While preferred embodiments of the invention have been described and illustrated above, it should be understood that these are exemplary of the invention and are not to be considered as limiting. Additions, deletions, substitutions, and other modifications can be made without departing from the spirit or scope of the present invention. For example, while the method of the present invention has been described in connection with a mail processing system such as a mailing machine, the method may also be implemented in any other device that uses an ink jet print head and transports print media past the ink jet print head for printing. Accordingly, the invention is not to be considered as limited by the foregoing description but is only limited by the scope of the appended claims.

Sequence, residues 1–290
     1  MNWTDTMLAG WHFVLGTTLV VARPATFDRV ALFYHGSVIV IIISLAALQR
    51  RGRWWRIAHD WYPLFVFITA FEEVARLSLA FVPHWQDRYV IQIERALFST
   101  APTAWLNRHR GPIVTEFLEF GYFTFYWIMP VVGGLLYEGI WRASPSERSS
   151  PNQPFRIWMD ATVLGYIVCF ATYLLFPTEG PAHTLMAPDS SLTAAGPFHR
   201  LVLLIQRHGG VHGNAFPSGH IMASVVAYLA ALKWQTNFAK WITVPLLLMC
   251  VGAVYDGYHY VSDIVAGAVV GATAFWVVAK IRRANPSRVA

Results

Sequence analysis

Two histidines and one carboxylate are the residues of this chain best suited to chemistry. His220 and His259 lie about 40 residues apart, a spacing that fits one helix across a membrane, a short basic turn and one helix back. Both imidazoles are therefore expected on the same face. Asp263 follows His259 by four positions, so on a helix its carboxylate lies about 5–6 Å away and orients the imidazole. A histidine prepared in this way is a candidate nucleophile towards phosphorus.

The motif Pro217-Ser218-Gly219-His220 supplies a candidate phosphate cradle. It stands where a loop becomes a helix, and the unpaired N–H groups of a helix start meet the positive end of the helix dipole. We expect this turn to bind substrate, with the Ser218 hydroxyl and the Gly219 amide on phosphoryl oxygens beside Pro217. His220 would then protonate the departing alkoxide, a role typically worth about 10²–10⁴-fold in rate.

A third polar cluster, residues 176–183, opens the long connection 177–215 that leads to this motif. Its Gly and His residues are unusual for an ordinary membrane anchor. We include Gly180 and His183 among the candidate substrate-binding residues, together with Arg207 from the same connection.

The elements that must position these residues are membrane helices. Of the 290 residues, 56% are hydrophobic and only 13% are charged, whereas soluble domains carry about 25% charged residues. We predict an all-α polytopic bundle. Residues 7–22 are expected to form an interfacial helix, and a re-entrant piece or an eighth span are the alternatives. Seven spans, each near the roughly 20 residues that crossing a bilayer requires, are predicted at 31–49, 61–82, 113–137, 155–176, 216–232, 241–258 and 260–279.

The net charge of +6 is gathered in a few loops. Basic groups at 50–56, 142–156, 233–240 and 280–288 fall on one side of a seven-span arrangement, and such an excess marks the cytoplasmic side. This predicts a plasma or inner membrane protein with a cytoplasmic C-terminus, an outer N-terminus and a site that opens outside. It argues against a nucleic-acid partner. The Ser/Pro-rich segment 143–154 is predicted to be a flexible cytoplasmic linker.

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|Clasificación de EE.UU.||347/107, 283/901, 705/408, 283/902, 283/73|
|Clasificación internacional||G07B17/02, B42D15/00, B41J2/01|
|Clasificación cooperativa||Y10S283/901, Y10S283/902, G06T1/0021, G06T2201/0051|
|23 Dic 2004||AS||Assignment|
Owner name: PITNEY BOWES INC., CONNECTICUT
Free format text: ASSIGNMENT OF ASSIGNORS INTEREST;ASSIGNORS:CAMPAGNA, MATTHEW J.;CORDERY, ROBERT A.;NAMBUDIRI, EASWARAN;AND OTHERS;REEL/FRAME:016132/0440;SIGNING DATES FROM 20041220 TO 20041221
|28 Jul 2011||FPAY||Fee payment|
Year of fee payment: 4
|23 Jun 2015||FPAY||Fee payment|
Year of fee payment: 8